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The witness of christian long term dating

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When we tried to give her your website article: I’M STUDYING WITH JEHOVAH’S WITNESSES. , she threw it back in our face saying that she won’t read it because it is ‘apostate’ information. It is like she already has her mind made up and doesn’t care what we present to her. She is mad at us because she thinks we are trying to stand in the way of her ‘true love.’ She is doing whatever it takes to get this guy.

He is almost 20 years old, not in school and doesn’t even have a job. Here she is a senior in high school with straight A’s, in advanced placement classes, combined with community college classes, but none of that matters to her.

If they're not ready for marriage, they shouldn't be dating.

Jehovah's Witnesses obey the Apostle Paul who said, 'Do not be yoked together with unbelievers. Here's what the Watchtower says, 'when necessary, a loving friend will kindly remind a companion about Jehovah’s standards. ) For example, what would you do if you noticed that an unmarried friend was becoming emotionally attached to an unbeliever? if your friend ignored your counsel, what would you do?

We asked her if she would be willing to check this religion out before she gets into it.

She claims that she has checked it out because she is on chapter eight of the book they are “studying” with her.

Infants — Age 3 Physical problems (frequent colds, diarrhea) excessive screaming and irritability problems falling asleep developmental delays (not gaining weight, not eating) anxiety, sadness, crying, emotional withdrawal Ages 3 — 7 Delayed language development regression to infant-like behavior such as thumb sucking difficulty getting along with others hostility and aggression defiant and destructive behavior clinging behavior fear self-blaming and feelings of guilt Ages 7 — 13 Low self-esteem conflicted feelings about the abuser increased aggression toward peers, siblings and parents shame (denying the violence at home) delinquent behavior (stealing, fighting, using drugs) Ages 13 — 18 Patterns of blaming others for his/her behavior, especially parents high levels of anger and anxiety inappropriate belief that violence can be a response to conflict protective behavior toward the victim violence against the victim sense of responsibility for the care of younger siblings running away patterns of truancy substance abuse problems promiscuous behavior Additional Effects All Age Groups increased emotional needs difficulty adjusting to school school phobias (might fear leaving the victim alone) somatic problems (asthma, peptic ulcers, chronic headaches, abdominal cramps) eating disorders patterns of increased deceptiveness (excessive lying, stealing, cheating) inclination to mutilate or kill animals inability to trust and develop relationships low tolerance for frustration self-destructive behavior, self-mutilation memory of every detail of abuse blames the victim for the abuse, pressures him/her to make things better poor sexual image low self-esteem bed wetting.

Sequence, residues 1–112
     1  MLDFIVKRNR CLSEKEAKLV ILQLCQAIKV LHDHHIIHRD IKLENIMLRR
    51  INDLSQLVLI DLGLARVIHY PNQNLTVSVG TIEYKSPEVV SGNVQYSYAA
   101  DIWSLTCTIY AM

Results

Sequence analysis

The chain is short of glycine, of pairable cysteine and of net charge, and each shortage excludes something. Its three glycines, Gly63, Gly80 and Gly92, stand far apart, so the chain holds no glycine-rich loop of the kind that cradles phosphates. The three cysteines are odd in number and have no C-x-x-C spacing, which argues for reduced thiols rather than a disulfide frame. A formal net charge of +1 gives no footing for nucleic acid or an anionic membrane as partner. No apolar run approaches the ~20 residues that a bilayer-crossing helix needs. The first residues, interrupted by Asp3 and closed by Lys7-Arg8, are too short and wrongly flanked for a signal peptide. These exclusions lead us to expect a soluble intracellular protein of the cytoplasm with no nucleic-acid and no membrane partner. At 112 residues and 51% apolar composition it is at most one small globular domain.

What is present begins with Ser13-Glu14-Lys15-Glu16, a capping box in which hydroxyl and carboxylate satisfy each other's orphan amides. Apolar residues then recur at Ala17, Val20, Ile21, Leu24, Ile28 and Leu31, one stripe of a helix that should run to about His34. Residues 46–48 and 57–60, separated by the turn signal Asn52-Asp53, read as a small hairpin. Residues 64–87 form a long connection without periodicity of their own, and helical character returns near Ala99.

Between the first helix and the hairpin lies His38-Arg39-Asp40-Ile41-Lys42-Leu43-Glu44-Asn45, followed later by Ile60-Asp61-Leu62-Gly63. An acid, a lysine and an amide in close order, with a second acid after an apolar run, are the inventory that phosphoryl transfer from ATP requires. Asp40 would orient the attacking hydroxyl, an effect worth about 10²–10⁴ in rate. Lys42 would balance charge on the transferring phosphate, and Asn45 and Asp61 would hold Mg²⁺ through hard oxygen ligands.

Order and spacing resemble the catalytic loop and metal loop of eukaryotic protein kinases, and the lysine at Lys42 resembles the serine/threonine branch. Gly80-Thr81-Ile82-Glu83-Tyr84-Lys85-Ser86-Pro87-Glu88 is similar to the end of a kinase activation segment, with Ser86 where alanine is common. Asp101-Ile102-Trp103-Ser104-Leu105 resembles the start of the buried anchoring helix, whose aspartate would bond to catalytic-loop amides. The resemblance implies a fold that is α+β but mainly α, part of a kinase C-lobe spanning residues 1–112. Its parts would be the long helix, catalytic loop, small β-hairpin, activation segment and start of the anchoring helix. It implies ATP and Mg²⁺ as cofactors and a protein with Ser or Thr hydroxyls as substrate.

Children are often the invisible victims of domestic violence.

Living in a home with domestic violence is often very traumatic for children and can lead to a range of serious long term consequences.

Children confronted with violence at home suffer physically, emotionally and academically.

Without support and intervention children are more likely to fall into a cycle of abuse later in life.